Aug. 13, 2019: President Trump tweets: “Many are blaming me, and the United States, for the problems going on in Hong Kong. I can’t imagine why?”
Aug. 13, 2019: President Trump tweets: “Our Intelligence has informed us that the Chinese Government is moving troops to the Border with Hong Kong. Everyone should be calm and safe!”
Aug. 13, 2019: Chinese Ministry of Commerce says USTR Lighthizer, Treasury Secretary Mnuchin, and Vice Premier Liu agreed to commence trade talks within the next two weeks.
Aug. 13, 2019: Politburo member Yang Jiechi and Secretary Pompeo meet in New York City.
Aug. 13, 2019: China denies US requests for port visits to Hong Kong by the USS Green Bay and the USS Lake Erie.
Aug. 14, 2019: The State Department issues a travel advisory for Hong Kong due to the unrest, instructing travelers to exercise increased caution.
Aug. 14, 2019: Trump tweets: “Good things were stated on the call with China the other day. They are eating the Tariffs with the devaluation of their currency and “pouring” money into their system. The American consumer is fine with or without the September date, but much good will come from the short … deferral to December. It actually helps China more than us, but will be reciprocated. Millions of jobs are being lost in China to other non-Tariffed countries. Thousands of companies are leaving. Of course China wants to make a deal. Let them work humanely with Hong Kong first!”… I know “President Xi of China very well. He is a great leader who very much has the respect of his people. He is also a good man in a “tough business.” I have ZERO doubt that if President Xi wants to quickly and humanely solve the Hong Kong problem, he can do it. Personal meeting?”
Aug. 14, 2019: House Foreign Affairs Committee Chairman Eliot Engel and Lead Republican Michael McCaul issue a statement about China’s threats of military intervention against protesters in Hong Kong.
Aug. 15, 2019: Trump tweets: ““If they don’t get this Trade Deal with the U.S. done, China could have it first recession (or worse!) in years. There’s disinvestment in China right now.”
Aug. 15, 2019: Trump tweets: “If President Xi would meet directly and personally with the protesters, there would be a happy and enlightened ending to the Hong Kong problem. I have no doubt!”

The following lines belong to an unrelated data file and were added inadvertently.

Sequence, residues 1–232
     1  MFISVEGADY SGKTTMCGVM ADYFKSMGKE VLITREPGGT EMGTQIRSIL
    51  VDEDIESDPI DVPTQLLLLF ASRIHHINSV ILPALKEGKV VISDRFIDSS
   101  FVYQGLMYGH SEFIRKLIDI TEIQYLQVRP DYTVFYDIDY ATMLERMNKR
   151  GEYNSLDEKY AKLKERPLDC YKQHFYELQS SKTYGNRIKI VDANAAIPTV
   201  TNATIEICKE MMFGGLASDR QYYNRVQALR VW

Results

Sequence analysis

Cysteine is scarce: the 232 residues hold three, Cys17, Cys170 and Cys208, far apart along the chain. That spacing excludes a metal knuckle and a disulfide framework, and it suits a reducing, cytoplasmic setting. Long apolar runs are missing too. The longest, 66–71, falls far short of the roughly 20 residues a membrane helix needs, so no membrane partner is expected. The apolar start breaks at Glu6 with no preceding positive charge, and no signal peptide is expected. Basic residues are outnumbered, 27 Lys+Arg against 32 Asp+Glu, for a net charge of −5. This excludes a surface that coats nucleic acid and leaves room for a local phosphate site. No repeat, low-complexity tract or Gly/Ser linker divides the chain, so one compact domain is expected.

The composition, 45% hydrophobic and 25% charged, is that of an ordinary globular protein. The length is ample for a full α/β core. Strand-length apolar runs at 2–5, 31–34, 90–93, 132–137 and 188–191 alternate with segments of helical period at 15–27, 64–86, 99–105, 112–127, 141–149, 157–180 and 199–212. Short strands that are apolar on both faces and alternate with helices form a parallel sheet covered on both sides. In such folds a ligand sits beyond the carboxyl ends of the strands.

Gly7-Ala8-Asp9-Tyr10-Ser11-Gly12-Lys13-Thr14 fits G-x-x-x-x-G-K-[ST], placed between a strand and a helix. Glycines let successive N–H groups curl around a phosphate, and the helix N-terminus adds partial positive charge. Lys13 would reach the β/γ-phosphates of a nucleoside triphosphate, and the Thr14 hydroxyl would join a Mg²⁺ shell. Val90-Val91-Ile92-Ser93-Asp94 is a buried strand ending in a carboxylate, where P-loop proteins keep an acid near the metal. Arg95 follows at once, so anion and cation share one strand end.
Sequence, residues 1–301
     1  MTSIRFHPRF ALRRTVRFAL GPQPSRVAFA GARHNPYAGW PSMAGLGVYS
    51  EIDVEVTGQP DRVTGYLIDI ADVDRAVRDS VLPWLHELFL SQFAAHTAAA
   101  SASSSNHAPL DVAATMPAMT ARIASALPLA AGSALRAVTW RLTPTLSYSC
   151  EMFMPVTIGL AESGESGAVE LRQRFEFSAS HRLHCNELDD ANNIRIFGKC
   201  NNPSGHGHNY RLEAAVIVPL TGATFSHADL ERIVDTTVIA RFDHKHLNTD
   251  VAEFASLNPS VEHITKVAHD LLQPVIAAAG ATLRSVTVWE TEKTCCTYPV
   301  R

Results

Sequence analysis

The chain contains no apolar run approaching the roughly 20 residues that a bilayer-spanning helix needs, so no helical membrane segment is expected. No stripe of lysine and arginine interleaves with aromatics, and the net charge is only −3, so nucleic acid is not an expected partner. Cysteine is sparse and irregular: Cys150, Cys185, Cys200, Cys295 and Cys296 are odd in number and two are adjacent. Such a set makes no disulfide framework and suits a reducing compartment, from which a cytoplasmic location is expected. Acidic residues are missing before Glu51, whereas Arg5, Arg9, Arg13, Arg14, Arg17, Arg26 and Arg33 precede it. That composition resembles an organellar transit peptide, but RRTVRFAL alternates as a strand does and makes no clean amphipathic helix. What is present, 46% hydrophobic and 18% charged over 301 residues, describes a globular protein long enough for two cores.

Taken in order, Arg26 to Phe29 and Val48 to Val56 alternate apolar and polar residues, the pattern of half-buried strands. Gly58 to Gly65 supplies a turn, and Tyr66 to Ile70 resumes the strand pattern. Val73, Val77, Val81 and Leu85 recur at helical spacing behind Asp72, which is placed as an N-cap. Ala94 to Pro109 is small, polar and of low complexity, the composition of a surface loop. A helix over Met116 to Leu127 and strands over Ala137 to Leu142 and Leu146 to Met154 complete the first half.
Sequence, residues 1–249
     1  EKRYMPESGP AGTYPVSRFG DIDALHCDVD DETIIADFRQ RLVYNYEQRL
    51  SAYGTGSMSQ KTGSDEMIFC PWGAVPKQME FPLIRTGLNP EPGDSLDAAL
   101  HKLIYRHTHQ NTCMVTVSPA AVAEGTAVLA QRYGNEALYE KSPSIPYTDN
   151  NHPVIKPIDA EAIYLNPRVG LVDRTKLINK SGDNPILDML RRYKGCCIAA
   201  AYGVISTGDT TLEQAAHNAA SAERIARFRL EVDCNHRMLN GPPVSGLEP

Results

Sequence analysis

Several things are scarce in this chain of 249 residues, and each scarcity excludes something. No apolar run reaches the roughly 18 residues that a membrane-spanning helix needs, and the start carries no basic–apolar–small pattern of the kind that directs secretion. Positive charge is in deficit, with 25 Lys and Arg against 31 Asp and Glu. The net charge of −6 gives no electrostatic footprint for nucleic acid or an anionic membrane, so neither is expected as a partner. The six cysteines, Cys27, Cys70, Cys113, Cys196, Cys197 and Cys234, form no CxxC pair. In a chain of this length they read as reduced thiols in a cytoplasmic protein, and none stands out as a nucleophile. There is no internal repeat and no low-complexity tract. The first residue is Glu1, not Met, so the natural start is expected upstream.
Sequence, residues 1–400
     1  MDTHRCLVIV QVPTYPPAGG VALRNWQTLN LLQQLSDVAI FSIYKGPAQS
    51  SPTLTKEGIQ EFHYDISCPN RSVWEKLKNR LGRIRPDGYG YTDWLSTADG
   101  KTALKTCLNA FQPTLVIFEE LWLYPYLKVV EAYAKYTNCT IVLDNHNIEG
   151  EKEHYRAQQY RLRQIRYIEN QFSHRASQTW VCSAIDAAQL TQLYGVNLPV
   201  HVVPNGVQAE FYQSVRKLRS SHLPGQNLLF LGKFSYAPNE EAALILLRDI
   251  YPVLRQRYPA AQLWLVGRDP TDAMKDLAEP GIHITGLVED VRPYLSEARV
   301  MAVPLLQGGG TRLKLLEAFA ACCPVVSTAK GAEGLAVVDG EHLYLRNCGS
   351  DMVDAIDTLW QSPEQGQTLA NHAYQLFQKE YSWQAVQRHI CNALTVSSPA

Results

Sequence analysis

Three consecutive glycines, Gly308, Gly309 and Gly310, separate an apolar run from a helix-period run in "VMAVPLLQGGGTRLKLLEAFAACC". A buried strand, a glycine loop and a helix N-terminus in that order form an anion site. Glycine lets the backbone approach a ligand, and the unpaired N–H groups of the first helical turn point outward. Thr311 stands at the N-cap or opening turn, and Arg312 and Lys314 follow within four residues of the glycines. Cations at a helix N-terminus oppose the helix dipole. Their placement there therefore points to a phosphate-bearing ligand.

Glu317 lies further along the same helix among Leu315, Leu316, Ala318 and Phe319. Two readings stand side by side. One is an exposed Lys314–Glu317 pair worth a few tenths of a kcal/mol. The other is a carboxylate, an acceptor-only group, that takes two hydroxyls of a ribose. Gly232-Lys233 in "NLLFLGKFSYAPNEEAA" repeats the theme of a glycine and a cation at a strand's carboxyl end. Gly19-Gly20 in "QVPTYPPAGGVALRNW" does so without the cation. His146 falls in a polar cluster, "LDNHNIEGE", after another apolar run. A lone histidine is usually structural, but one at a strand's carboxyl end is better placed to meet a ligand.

Aug. 18, 2019: President Trump says reaching a trade deal with China would be “very hard” if the Chinese government responded to the protests in Hong Kong with violence.
Aug. 18, 2019: Trump tells reporters “Huawei is a company we may not do business with at all,” dismissing the notion that the Commerce Department was expecting to delay the implementation of its penalty on Huawei again.
Aug. 18, 2019: Trump tweets: “We are doing very well with China, and talking!”
Aug. 21, 2019: US Department of the Treasury’s Office of Foreign Assets Control (OFAC) and Treasury’s Financial Crimes Enforcement Network issue a statement identifying two Chinese nationals as significant foreign narcotics traffickers.
Aug. 23, 2019: China’s Ministry of Finance State Council Tariff Commission announces new tariffs on US goods valued at $75 billion. The first list will be implemented on Sept. 1 and the second Dec. 15.
Aug. 23, 2019: Trump announces via eight tweets that beginning Oct. 1, the $250 billion of goods from China, currently being taxed at 25% will be taxed at 30% and the remaining $300 billion of goods slated to be taxed at 10% beginning Sept. 1 will now be taxed at 15%.
Aug. 23, 2019: US Navy ship USS Green Bay passes through Taiwan Strait.
Aug. 26, 2019: Trump tweets: “Great respect for the fact that President Xi & his Representatives want “calm resolution.” So impressed that they are willing to come out & state the facts so accurately. This is why he is a great leader & representing a great country. Talks are continuing!”
Aug. 27, 2019: Foreign Ministry spokesperson says he is not aware of the phone calls between US and Chinese officials President Trump claims occurred to restart trade talks.
Aug. 28, 2019: Trump tweets: “So interesting to read and see all of the free and interesting advice I am getting on China, from people who have tried to handle it before and failed miserably – In fact, they got taken to the cleaners. We are doing very well with China. This has never happened to them before!”
Aug. 28, 2019: China denies a request by the US Navy to make a port visit in Qingdao.
Aug. 28, 2019: USS Wayne E. Meyer sails into adjacent waters of the Spratly Islands. The Chinese naval and air forces monitor the ship, according to the spokesperson for the Chinese PLA Southern Theater Command.
Aug 29, 2019: A US MC-130J aircraft flies along the line dividing the Taiwan Strait between mainland China and Taiwan, according to the Taiwan’s Defense Ministry.
Aug. 30, 2019: Trump tweets: “Just watched Congresswoman Debbie Dingell, and many other Democrats, wanting to give up on our very successful Trade battle with China, which has had its worst Economic year in memory (and getting worse). We are taking in $Billions. Will be big for Farmers and ALL!”